More Bad Manna

Why do I insist on writing about bad manna?

Simply because it exists, that’s why. Apparently, manna – like food – can be used in different ways that are not always full of love. What can I say. I’m rather sick and tired of people writing about food as if it were the Holy Grail – it all starts seeming just too much like an animated Disney movie. Food is food is food. And it’s a million other things. A tomato is not sacred unless you want it to be. Or if you are starving. And if people are talking in hushed reverential tones about that tomato, or those cookies, or that roast chicken – and they are not starving (or at the very least they are not starving for food) – then they are even loopier than I am. And that, is pretty loopy.

Here’s a link to manna used as a con:

Holding up two handfuls of letters, Clement says, “this is all different kinds of paperwork that Peter Popoff, prophet Peter Popoff has sent me.” Clement said the stack of letters is just a couple weeks’ worth of mailings. He’s already thrown out at least this much.

It all started when Clement’s roommates signed him up for Popoff’s miracle spring water as a joke. Clement was deluged – not with miracles – but with letters full of religious trinkets.

“Here is some miracle spring water,” he said while pawing through the letters. Then there’s, “a napkin with a picture of Jesus on it,” and also a tiny plastic baggy with some kind of white, crumbly material, “miracle manna cake is what it is.

The religionification of food appears everywhere in the media of our culture today. The sense of food as somehow miraculous is heralded by the singing trumpets of foodwriters as if it were the Only Way. Or the Only Way for ‘Us’. Third-world countries are seemingly exempted from needing to feel miracles by the the foodwriters who pick up a dandelion leaf here in the midst of plenty to kiss it all over and bow to it.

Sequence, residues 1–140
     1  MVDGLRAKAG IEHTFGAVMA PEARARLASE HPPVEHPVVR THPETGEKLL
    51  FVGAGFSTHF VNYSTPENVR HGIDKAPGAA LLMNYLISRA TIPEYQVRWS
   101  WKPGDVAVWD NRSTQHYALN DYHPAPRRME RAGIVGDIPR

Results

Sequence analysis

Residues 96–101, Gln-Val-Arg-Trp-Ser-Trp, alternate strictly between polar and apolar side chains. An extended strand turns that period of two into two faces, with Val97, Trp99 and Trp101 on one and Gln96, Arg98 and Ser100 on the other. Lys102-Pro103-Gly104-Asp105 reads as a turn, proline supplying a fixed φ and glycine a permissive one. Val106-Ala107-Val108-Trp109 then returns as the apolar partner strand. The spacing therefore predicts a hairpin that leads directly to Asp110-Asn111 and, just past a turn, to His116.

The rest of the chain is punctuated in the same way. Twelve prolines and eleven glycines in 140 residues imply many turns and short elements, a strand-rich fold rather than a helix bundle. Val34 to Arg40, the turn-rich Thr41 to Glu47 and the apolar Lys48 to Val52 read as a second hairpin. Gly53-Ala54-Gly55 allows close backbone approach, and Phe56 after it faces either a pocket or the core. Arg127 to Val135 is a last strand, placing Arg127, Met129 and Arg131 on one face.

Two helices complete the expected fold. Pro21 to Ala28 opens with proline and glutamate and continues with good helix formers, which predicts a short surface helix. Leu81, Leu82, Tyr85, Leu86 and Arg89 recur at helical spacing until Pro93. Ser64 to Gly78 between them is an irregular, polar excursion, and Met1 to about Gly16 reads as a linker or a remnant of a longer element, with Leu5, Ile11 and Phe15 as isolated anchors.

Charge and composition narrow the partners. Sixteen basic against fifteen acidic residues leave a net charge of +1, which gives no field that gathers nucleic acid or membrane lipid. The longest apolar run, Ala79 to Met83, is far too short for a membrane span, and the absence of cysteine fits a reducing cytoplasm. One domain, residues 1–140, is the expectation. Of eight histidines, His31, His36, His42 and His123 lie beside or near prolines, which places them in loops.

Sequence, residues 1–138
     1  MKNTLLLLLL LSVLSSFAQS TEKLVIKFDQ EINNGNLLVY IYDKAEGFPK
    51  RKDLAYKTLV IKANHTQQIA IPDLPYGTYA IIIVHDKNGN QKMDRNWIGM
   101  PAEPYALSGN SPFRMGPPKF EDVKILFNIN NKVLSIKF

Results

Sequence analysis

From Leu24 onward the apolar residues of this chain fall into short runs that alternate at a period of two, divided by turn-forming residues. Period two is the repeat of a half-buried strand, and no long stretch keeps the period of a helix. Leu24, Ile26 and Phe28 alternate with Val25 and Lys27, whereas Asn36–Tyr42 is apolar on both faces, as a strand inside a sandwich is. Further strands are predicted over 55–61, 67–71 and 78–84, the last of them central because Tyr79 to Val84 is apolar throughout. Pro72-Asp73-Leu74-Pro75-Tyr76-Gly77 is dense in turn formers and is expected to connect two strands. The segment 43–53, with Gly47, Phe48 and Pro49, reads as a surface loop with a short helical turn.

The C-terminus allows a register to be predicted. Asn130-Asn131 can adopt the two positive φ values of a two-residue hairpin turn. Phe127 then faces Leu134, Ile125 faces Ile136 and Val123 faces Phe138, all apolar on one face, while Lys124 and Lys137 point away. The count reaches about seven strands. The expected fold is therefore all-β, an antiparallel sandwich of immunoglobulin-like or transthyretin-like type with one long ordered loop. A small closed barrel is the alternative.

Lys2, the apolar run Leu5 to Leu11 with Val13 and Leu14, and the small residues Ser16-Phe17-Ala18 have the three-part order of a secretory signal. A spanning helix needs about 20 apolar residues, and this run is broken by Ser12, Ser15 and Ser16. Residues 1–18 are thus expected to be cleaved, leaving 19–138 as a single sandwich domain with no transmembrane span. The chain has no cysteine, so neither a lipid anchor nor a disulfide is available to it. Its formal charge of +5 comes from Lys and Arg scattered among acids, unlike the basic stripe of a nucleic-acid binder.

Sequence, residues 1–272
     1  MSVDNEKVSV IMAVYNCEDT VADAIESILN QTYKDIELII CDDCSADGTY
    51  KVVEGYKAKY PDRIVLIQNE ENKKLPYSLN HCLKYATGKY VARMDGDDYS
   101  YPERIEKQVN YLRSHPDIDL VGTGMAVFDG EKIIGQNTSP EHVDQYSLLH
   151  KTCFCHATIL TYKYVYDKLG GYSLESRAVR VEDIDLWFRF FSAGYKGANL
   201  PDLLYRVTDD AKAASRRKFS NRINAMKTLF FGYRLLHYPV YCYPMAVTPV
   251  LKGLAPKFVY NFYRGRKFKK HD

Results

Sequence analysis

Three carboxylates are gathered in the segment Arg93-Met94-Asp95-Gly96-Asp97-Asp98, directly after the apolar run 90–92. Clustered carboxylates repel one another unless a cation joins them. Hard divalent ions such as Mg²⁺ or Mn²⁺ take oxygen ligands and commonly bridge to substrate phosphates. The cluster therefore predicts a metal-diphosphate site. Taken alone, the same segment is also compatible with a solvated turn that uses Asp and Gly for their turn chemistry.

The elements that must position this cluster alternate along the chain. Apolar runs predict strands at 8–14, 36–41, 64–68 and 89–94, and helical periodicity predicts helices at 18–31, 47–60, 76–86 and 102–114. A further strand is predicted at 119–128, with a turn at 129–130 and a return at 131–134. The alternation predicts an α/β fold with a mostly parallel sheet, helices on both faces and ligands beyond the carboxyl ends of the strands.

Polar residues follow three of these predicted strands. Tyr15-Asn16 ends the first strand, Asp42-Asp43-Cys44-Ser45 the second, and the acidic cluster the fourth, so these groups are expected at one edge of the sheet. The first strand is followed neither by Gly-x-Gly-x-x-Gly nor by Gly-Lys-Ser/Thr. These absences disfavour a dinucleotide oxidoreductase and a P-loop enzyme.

Manna, of course, is a miracle. As a tomato may be.

But as I’ve said before (and I will find the source of the quote for it is one of my very favorites): “You can’t summon grace with a whistle.”

And if the everyday is imbued with sacred meaning by those who ache for the sacred – for whatever reason – then the con has begun, in some small way. And like the ‘little white lie’ in one of the VeggieTales stories . . . it will get bigger, and bigger and bigger till finally, it takes over.


4 thoughts on “More Bad Manna

  1. Bad Kitty sheds her Happy Mask!

    But seriously, must we blight all hope, must we never whistle in the dark?

  2. Only a really Bad Kitty mocks the Happy Mask that the Bad Kitty itself wears: “I don’t know, Reader X. You tell me. Meow. Meow.” Irony multiplying like rabbits.

    Sacrifices of ironical rabbits. Lunar ceremonials. Very not Israelites wandering in the desert.

    If I had to guess, I’d say that the human tendency to excess is at the root of your disappointment in “manna.” We can Scotch Tape the term to any old thing we want to, fire up our powers of “whatever” for secret purpose’s sake, and sell the stuff, a nickle a bottle, to the rubes who so want some purpose, some meaning as they, like worms, flow through the world and have the world flow through them.

    Here’s on Bad Kitty:

  3. Bad Kitty sounds very cool. I can’t imagine how I missed knowing her!

    I’m just trudging along here in the doldrums of manna but I’m sure that once I go the health food store to buy some algae-manna tablets to take I’ll perk right up!

    By the way, I found the name of the writer who wrote the whistles and grace line: Scott Russell Sanders is his name. The quote was published in Best American Essays 1993 . The wonderful piece it came from is titled ‘Wayland’.

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